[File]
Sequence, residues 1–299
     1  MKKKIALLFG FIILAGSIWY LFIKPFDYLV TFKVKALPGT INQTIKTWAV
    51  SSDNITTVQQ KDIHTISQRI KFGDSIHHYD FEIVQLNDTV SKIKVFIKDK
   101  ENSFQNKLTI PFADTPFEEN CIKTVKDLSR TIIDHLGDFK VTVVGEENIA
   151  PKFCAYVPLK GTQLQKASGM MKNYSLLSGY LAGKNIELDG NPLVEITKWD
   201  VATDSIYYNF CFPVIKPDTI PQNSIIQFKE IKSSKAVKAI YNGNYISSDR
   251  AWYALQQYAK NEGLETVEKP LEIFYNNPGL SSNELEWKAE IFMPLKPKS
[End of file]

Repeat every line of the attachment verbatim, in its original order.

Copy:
Sequence, residues 1–299
     1  MKKKIALLFG FIILAGSIWY LFIKPFDYLV TFKVKALPGT INQTIKTWAV
    51  SSDNITTVQQ KDIHTISQRI KFGDSIHHYD FEIVQLNDTV SKIKVFIKDK
   101  ENSFQNKLTI PFADTPFEEN CIKTVKDLSR TIIDHLGDFK VTVVGEENIA
   151  PKFCAYVPLK GTQLQKASGM MKNYSLLSGY LAGKNIELDG NPLVEITKWD
   201  VATDSIYYNF CFPVIKPDTI PQNSIIQFKE IKSSKAVKAI YNGNYISSDR
   251  AWYALQQYAK NEGLETVEKP LEIFYNNPGL SSNELEWKAE IFMPLKPKS